Coming off a bumper year for advisor recruitment, RBC Wealth Management has staffed up on the executive side to extend its run and boost services to both its employees and a small but growing cadre of independents.
In recent weeks Minneapolis-based RBC WM, the U.S. brokerage arm of the Royal Canadian Bank, hired Michael Parker from HighTower to head recruiting efforts in its employee-advisor unit, and Nate Angelo from Columbia River Advisors to lead the firm’s internal, FA-centric consulting efforts.
“RBC is committed to making investments in both people and technology” in the name of end-client service, says Ann Senne, head of RBC WM’s advice and solutions group.
Parker, who worked at LPL Financial and Smith Barney (now part of Morgan Stanley) before joining upstart brokerage HighTower in 2010, says there’s “no real daylight between this success in recruiting and why I joined RBC.”
A spokeswoman for RBC WM says the firm won’t “disclose the number of recruits” it has gleaned in its parent company’s present fiscal year, which ends this month. But she confirms it’s already “the best recruiting year for the firm in eight years.”
In conducting his due diligence on RBC WM as a prospective employer, Parker says it struck him how the place “felt like a boutique culture backed by a large and well-capitalized financial institution.”
Indeed, Toronto-based RBC is the biggest bank in Canada — where all banks tend to be big — and the fifteenth largest worldwide, according to Forbes.
And Parker agrees with Senne that the parent company isn’t afraid to spend in support of its U.S. advisors. “We’ve got a leadership team that isn’t afraid to invest to grow the business, in infrastructure and human capital — and the advisors here can feel it at their fingertips,” he says.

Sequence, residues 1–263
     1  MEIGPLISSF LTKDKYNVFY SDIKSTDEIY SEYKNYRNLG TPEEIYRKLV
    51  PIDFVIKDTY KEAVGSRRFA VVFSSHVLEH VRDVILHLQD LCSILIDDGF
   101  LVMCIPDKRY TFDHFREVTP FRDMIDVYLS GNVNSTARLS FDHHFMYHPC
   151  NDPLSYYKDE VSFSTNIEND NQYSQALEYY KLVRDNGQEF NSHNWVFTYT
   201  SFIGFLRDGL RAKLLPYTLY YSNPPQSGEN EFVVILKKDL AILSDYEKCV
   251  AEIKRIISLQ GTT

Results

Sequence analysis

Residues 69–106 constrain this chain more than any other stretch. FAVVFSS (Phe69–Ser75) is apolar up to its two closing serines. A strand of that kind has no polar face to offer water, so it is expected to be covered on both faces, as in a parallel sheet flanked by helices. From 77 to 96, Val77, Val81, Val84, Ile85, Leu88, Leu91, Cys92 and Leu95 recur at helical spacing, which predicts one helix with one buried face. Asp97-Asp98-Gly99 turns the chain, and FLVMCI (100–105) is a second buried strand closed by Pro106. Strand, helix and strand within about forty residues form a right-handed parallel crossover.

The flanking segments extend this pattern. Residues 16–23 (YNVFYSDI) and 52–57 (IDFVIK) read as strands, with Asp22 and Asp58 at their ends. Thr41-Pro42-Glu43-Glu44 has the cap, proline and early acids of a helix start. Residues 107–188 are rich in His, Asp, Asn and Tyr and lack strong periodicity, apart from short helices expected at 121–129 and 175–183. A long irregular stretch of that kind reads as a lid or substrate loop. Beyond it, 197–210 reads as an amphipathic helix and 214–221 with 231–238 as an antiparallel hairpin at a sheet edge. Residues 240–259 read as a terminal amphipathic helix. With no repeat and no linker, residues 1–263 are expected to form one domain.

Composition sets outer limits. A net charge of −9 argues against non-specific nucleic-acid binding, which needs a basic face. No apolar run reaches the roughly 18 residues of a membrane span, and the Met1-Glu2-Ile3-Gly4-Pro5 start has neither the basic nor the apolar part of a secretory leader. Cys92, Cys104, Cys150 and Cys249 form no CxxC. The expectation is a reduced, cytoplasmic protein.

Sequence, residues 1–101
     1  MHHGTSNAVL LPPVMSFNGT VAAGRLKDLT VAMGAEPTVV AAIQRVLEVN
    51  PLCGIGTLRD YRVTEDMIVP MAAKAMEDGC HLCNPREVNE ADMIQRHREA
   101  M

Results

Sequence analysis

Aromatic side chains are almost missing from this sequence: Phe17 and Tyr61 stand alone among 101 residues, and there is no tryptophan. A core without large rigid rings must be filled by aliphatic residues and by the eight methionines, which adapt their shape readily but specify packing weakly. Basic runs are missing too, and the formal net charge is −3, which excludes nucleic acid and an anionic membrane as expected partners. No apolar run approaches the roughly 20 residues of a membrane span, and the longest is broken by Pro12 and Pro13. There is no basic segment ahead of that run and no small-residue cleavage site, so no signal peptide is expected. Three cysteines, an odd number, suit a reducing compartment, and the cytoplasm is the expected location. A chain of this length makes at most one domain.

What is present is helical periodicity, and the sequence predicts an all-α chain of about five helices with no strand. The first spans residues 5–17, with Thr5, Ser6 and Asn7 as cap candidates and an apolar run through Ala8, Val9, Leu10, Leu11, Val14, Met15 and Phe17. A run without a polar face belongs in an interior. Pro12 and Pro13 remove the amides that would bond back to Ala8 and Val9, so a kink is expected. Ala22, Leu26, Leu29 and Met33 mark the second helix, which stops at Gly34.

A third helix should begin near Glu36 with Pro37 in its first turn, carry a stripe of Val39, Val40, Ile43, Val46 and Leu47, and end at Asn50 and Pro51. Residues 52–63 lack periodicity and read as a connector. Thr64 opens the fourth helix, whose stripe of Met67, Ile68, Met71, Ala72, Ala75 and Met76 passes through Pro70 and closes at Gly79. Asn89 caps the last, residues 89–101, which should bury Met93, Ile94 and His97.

For example, Parker says RBC WM – the result of Toronto-based RBC’s 2000 acquisition of Midwest broker-dealer Dain Rauscher – boasts a state-of-the-art advisor platform.
This combination of a culture “where everybody knows your name” and the operational sophistication needed “to serve their clients' complex needs” is making RBC WM a “destination of choice,” according to Parker.
Advice-industry consultant Andrew Tasnady says RBC WM has emerged along with a handful of other so-called regional brokerages — like St. Petersburg, Fla.-based Raymond James and St. Louis-based Stifel — to achieve status as “super-regionals” in the last few decades. These firms “pretty much cover the whole country,” and have investment platforms that offer “most of the products the wirehouses do.”
For wirehouse producers, a super-regional like RBC WM can be an attractive employer because they’ll take teams with less than $500 million under management — often a lot less — and they offer slightly better bonuses (to the extent bonuses are on offer at all at wirehouses).
Super-regionals can also help veteran wirehouse FAs with lifestyle transitions. “Some advisors want to move to a smaller town or eliminate a long commute,” says Tasnady. “If they aren’t tapping into a lot of stock issuance, a regional can make a lot of sense."
RBC WM has another thing in common with several other prominent regionals: internal support for independent advisors — an endeavor it’s eager to expand.
Brett Thorne is head of RBC Correspondent Services – a clearing firm for broker-dealers – and RBC Advisor Services – a custodian to about 65 RIAs, many of them asset managers.
The unit he runs “isn’t as mature on the RIA side,” says Thorne.
To get more traction among wealth management RIAs, adds Minneapolis-based Thorne, RBC WM is targeting “smaller firms and breakaways.”
To lure them in, the firm has a new “modular” technology platform that forms an “ecosystem of independent tech firms that we’ve put together to offer a seamless experience.” The platform features stalwarts of the indie arena such as CRM-software maker Redtail Technology, financial planning software maker MoneyGuidePro and trade order manager Vestmark.
In joining with firms like Raymond James, Ameriprise and Wells Fargo that straddle the divide between independent and so-called captive advice providers, RBC WM hopes to attract some FAs who, though headed for jobs in the full-service brokerage, may have an eye to independence down the road.
“Teams come over with that idea,” says Thorne. And though they don’t always act on it, having an in-house independent unit functions as a sort of safety valve.
“It’s nice to know they have that as an alternative — if they ever want to do it without a wholesale disruption for their clients.”